Balance is what makes it possible to stand, walk and move without falling. It’s essential for mobility and for fall prevention, and is a key element of fitness.
“Balance depends on the complex interplay of vision, the vestibular system – that’s your inner ear – and the joints, muscles and ligaments that make up the movement system,” says Tania Obljubek, a physiotherapist at Women’s College Hospital. “Those three elements work together to always let us know where we are in space.”
Vision, as well as the strength and flexibility of the movement system, can change with age or with health conditions. So for many people, balance requires maintenance. Loss of balance can be frustrating and can lead to a loss of strength and mobility.
External factors – such as an electrical cord you might trip over or an icy sidewalk – can obviously affect balance, and it’s important to make your home and environment as fall-safe as possible. However, intrinsic factors are also crucial for balance.
“Intrinsic factors are elements that are within yourself,” Obljubek explains. “Things like vision, strength or weakness, or problems with movement control.”
These affect both static balance, which is balance while standing still or sitting still, and also dynamic balance, which is balance while moving or walking. Exercise is a key strategy for improving both types of balance.
A good way to start improving your static balance is to sit on a fitness ball or place a half-ball balance trainer on a chair.
“That makes you unstable, so your core has to work harder,” Obljubek says. “I’m a big proponent of core stabilization.”
Obljubek also recommends working on the floor, as long as it’s done safely. Many older adults are wary of getting on the floor because they fear they won’t be able to get up.
“The thing is, if you fall, you need to be able to get up. So unless you do exercises that work that specific area, you’re always going to be afraid you won’t be able to get up. For example, get on all fours and try to bring one leg up, just like you would in a fall,” she explains. “Of course you need to do this safely, in the presence of a rehab professional or a caregiver.”
To help improve dynamic balance, Obljubek often sets up an obstacle course and has patients do the course while holding a cup of coffee.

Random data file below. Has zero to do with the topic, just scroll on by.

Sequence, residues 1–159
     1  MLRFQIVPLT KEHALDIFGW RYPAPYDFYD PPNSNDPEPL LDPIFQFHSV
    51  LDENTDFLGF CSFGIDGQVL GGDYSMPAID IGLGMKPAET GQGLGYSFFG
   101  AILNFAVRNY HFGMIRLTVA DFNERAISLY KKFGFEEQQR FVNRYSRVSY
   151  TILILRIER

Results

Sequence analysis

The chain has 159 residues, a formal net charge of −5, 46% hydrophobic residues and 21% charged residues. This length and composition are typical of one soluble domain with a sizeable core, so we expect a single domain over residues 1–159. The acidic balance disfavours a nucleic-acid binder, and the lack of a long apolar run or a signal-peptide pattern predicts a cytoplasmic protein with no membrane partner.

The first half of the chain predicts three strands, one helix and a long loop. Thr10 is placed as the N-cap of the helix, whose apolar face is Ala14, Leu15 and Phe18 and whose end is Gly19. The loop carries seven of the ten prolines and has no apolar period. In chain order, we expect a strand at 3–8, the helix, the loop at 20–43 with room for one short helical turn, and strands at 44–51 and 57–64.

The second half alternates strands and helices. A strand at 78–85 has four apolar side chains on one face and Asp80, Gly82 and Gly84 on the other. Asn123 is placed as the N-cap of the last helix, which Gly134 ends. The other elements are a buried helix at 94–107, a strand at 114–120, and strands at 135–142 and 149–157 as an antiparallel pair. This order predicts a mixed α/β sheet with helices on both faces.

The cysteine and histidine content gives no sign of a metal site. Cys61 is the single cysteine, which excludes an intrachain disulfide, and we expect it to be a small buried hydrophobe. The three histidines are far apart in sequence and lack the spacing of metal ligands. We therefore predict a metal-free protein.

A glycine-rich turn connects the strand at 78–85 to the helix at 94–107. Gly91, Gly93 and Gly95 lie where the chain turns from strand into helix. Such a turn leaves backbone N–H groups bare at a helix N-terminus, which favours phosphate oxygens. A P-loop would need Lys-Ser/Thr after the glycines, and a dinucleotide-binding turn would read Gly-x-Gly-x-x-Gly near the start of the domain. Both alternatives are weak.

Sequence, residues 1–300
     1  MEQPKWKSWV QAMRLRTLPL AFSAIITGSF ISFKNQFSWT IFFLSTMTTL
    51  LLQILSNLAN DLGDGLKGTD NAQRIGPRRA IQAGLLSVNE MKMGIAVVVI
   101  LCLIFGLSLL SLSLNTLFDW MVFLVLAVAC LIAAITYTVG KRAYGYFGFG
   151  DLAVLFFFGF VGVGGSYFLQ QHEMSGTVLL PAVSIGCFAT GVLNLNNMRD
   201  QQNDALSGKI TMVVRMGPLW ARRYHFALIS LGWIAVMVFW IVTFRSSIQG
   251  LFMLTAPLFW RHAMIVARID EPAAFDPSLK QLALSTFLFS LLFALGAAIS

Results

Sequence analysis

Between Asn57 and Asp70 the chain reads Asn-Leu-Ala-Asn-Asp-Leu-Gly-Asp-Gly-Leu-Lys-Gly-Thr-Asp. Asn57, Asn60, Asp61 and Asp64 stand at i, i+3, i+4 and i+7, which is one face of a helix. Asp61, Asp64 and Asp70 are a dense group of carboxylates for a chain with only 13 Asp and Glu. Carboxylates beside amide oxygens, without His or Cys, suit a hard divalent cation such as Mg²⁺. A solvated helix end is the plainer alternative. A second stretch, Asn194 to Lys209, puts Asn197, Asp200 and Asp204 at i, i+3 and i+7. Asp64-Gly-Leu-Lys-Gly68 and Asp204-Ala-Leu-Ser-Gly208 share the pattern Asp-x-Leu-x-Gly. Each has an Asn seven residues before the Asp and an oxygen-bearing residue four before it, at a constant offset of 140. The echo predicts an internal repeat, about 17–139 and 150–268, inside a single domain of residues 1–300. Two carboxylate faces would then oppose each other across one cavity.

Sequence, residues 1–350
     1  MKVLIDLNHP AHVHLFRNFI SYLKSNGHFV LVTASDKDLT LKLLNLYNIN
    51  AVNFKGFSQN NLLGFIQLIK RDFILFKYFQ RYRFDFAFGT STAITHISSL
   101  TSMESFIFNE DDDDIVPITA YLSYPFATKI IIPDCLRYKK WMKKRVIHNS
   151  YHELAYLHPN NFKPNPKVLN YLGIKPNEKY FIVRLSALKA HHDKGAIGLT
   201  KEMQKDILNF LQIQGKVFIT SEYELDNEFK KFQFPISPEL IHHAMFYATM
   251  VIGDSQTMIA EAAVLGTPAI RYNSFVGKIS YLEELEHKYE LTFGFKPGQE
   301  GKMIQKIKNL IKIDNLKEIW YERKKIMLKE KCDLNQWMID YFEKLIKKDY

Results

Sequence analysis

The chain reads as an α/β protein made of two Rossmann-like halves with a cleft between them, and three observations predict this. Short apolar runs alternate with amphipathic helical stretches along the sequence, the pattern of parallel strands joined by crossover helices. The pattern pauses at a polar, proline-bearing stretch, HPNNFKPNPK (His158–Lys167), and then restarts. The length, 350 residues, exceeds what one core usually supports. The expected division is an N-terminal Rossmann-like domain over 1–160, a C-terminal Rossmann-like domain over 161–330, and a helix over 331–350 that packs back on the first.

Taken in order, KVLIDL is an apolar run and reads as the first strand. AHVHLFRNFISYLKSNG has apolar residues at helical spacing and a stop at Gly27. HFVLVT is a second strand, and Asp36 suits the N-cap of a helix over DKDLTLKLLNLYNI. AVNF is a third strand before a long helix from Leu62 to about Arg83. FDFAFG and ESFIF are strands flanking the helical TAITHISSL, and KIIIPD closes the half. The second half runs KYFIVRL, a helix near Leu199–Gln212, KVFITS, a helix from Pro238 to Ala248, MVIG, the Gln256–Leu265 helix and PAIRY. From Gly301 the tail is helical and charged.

“They have to hold a cup of coffee because that is when we fall: when our attention is on something else,” she explains.
Good balance exercise options include the balance games that come with Wii, as well as classes such as Tai Chi, yoga or Pilates. The important thing is to do it regularly.
“This is not something you do once a month. If you’re going to choose to challenge your balance, you need to do it at least a few times a week,” Obljubek says. “The other thing is you need to keep challenging yourself to continue improving.”
Individual starting points
As with any type of exercise, everyone will have her own starting point, based on her individual abilities and fitness level. This includes people who have a health condition or a disability, or who are recovering from an injury.
“Start from your own place when you’re choosing your exercises,” Obljubek says. “You need to make sure you’re safe, but you’re challenging yourself.
You may need to begin by using a support, such as a kitchen counter or a sturdy chair, and simple exercises like leg lifts. Move away from the support as strength and balance increase.
She stresses the importance of movement, even when it may be uncomfortable.
“Motion is lotion,” Obljubek says. “Unless you have an acute injury such as a fracture that needs to be medically addressed then you should move a joint even when sore. When you move it, it gets lubricated and it will start to feel better.”
This information is provided by Women’s College Hospital and is not intended to replace the medical advice of your doctor or health care provider. Please consult your health care provider for advice about a specific medical condition. This document was last reviewed on: Jun. 29, 2016